Risk Assessment

Good news for users of Cadmium Pigments

Following a thorough review at the end of the 1990s, the EU voted for no further restrictions on the marketing and use of cadmium pigments for use in plastics, halting the trend of reducing the number of applications in which these pigments are permitted.

Cadmium pigments have exceptional properties, most especially for colouring engineering polymers and cover the whole colour range from green-shade yellows, through yellows, oranges and reds to deep maroons. However, in recent years their use for pigmentation of plastics and paints has been restricted by legislation aimed at protecting the environment. It is well known that soluble cadmium species can adversely affect the environment and man if critical levels are exceeded, but on the other hand cadmium pigments are extremely insoluble compounds. The environmental legislation was based on the "precautionary principle". In the absence of information about releases associated with cadmium pigments or of data that was either definitive or accurate about the risks involved, the legislation sought to remain on the safe side by substituting for cadmium-containing products where technically feasible alternatives exist.

In 1995, the European Union recognised the inadequacy of the existing data and the Commission instituted an assessment from an independent consultant to evaluate the cradle-to-grave lifecycle of cadmium pigments. Overall, it is known that the main releases of cadmium into the environment are from the burning of fossil fuels and the use of phosphate fertilisers.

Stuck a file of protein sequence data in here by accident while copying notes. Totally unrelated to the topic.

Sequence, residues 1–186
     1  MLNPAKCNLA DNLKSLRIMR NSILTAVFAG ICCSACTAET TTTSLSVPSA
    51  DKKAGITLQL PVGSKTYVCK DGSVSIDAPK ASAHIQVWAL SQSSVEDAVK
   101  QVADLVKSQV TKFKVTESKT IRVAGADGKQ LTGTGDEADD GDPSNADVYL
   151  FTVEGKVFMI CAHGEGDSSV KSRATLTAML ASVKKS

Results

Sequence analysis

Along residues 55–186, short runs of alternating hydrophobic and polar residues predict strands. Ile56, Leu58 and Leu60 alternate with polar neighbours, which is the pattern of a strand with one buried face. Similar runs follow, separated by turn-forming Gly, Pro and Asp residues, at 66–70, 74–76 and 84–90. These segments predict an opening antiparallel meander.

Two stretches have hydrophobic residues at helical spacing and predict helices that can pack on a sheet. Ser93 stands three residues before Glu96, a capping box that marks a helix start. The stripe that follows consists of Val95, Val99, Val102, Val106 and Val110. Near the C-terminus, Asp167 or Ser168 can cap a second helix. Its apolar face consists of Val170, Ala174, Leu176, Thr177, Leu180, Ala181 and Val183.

In the decades prior to the 1960's, levels of cadmium in the environment had been increasing with increasing industrialisation, but the levels have fallen dramatically since 1970, and the dose to man had remained all the time much lower than that set as safe by the World Health Organisation. Cadmium emissions associated with pigments represent a negligible fraction (less than 0.5 %) of the total emissions of cadmium to the environment. A thorough scientific assessment of the risks was completed under Regulation 793/93 ("existing chemicals") and concluded that the emissions from the cadmium pigment lifecycle do not pose any significant risk to man or to the environment. On this basis, the European Commission did not recommend any further restrictions, and the member states voted accepting this.

The advent of REACH in the EU introduced a whole new level of control of chemicals : many substances which were previously thought to be innocuous have been classified as hazardous.

Cadmium pigments were registered under REACH in May 2013 and the extensive information and test data collected not did lead to any hazard classification - either for human health or the environment.

Despite all the above, the EU has left in place its original restrictions - made using the 'precautionary principle' before reliable data was thought to be available : please therefore also see 'EU restrictions on the use of cadmium pigments'.

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